Keep (some) of it to yourself.


Welcome back to another blog hop, with #OpenBook. Here’s this week’s prompt.

Don’t forget to click the purple button to see what everyone else has to say on this week’s subject. It’s at the end of my post.


How do you avoid giving readers TMI (too much information) about a character? How do you decide what to share about a story’s characters?


The key here is realism, in making the reader feel like they’re in a familiar place, even though they may be on the other side of the Galaxy, or in a twisted, alternative now. To do that, I generally leave the characters to do the talking, they’re the ones showing the story to me. They can give away as much (or as little) as they feel is necessary to keep the story moving.

Having said that, it’s important that I don’t let them get too enthusiastic and reveal their life story in the first chapter. I think that there needs to be some mystery. Information dumping is in nobody’s interest, largely because it won’t stick in the reader’s mind. It might even turn them off the whole book. We all know people in our lives who go on and on, passing us TMI. Just think of our reaction to them in real life and you’ll see what I mean.

That includes TMI about the setting as well; because I’ve always thought of the setting as a character in its own right (I could go on about that for a whole blog post too, perhaps one day I will).


At the same time, it’s essential that you pass on enough to build empathy in the characters and form an impression in the reader’s mind about their part in the scheme of things. Are they good or bad, do they have a secret, might they even change sides? Is what they’re saying worth paying attention to, does it hold the key to the whole thing?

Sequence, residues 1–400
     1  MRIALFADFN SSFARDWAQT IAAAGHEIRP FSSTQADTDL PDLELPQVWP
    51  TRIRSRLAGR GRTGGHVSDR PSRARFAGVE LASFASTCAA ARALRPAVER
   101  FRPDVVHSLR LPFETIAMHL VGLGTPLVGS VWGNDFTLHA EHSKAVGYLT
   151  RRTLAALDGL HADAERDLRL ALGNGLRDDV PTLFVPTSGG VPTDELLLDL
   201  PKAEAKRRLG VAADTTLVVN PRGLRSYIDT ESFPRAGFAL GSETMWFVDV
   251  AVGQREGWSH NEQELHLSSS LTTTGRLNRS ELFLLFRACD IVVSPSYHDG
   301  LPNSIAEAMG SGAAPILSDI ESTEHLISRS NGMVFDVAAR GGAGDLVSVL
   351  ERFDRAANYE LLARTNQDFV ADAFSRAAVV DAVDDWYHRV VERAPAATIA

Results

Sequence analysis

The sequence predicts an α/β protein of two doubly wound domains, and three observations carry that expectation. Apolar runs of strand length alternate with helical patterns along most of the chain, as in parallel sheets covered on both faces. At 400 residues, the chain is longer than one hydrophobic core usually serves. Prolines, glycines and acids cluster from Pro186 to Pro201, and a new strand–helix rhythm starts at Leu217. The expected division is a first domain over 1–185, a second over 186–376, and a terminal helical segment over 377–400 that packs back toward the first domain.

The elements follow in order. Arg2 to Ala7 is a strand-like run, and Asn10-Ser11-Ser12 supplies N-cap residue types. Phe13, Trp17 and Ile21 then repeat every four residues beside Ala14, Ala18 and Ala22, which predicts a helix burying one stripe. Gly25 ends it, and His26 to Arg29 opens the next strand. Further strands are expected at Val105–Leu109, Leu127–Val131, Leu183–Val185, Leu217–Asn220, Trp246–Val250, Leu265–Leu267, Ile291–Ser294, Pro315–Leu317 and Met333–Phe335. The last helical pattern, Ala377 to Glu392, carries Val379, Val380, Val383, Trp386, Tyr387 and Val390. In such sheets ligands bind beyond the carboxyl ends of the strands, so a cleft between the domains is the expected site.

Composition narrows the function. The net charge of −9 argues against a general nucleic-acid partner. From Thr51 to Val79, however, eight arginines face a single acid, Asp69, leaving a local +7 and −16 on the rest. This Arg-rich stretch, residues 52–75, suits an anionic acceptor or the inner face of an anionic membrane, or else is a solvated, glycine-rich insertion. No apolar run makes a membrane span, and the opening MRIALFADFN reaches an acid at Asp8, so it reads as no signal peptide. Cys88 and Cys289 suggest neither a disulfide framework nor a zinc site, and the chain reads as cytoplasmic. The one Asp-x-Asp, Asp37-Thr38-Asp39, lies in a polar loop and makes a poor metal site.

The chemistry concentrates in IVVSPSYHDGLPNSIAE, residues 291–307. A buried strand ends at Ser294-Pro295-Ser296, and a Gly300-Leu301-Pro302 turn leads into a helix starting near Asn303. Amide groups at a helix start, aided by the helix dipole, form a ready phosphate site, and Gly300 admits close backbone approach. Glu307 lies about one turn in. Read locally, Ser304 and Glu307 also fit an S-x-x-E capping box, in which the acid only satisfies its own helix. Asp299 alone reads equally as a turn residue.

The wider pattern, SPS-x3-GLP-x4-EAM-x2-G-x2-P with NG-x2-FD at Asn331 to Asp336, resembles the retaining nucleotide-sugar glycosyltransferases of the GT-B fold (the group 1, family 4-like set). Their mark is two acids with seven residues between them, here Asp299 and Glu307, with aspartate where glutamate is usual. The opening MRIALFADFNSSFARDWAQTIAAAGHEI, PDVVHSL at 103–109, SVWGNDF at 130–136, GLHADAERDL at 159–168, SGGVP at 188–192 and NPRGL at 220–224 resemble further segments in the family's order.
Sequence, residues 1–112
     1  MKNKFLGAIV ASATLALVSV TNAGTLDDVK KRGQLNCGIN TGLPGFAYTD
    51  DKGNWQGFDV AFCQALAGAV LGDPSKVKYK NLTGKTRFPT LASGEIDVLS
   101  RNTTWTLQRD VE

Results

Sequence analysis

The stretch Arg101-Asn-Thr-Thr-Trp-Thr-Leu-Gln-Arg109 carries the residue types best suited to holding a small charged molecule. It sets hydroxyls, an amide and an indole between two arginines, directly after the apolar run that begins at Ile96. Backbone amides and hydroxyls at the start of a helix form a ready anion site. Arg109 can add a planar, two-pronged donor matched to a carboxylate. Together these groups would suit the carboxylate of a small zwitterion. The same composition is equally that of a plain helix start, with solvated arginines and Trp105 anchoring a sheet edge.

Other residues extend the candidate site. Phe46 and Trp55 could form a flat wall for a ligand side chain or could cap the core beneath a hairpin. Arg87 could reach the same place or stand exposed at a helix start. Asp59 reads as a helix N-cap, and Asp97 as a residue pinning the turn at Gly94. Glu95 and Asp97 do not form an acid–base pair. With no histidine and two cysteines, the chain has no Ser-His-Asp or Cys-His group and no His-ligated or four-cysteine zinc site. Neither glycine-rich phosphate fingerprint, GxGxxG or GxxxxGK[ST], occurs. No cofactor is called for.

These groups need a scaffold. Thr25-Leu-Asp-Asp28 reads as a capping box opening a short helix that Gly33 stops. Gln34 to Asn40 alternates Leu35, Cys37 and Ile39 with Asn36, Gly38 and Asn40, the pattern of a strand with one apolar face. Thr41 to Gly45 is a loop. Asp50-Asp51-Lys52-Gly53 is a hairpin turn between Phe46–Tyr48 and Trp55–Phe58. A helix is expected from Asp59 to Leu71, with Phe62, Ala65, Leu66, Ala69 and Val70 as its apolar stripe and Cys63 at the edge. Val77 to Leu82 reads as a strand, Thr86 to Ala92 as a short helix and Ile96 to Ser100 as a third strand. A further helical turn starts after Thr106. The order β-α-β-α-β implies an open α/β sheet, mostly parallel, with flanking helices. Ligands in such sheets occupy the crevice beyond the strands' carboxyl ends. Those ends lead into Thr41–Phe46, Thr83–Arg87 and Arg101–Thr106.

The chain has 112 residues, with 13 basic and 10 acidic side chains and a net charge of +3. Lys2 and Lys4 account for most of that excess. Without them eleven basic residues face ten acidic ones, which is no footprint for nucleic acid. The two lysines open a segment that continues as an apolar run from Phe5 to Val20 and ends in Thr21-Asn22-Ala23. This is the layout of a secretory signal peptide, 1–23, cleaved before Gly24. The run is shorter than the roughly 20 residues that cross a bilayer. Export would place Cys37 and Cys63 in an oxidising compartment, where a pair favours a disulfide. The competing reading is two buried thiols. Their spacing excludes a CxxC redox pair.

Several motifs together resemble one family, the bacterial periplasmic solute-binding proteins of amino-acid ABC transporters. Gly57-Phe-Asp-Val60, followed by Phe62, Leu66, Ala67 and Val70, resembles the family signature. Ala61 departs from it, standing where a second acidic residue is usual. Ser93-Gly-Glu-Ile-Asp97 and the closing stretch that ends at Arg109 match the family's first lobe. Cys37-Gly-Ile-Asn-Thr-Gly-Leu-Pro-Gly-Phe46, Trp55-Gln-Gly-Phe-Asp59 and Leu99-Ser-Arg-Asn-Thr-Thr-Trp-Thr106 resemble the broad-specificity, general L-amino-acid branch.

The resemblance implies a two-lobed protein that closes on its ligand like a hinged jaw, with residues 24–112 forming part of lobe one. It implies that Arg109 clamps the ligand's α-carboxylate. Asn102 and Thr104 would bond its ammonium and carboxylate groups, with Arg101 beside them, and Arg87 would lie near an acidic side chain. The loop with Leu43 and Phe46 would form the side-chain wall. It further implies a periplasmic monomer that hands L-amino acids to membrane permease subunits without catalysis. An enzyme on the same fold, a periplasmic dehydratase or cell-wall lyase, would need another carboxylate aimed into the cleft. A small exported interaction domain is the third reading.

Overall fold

Being selective with how much you reveal can muddy the waters or lead you in the wrong direction.

It’s often useful to drop little bits of character backstory in amongst the verbiage, as well as plot hints that might help you along the way. Especially if, looking back, you can see their significance. If you can make it sound natural, like in a shared conversation or reminiscence, even an internal monologue, it gives it a familiar feel, as that tends to be how we get and give information in real life.

Of course, the important bits, the ones that relate to the major plot points, are given more visibility or even told again, just to reinforce them. In the same way that a real person might.

Until next time.



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8 Responses

  1. Stevie Turner

    Being selective and just dropping hints here and there works for me too. Information dumping turns the reader off, I think.

  2. Daryl Devore

    And that balance of too much or too little is such a tough thing to achieve.
    Tweeted.

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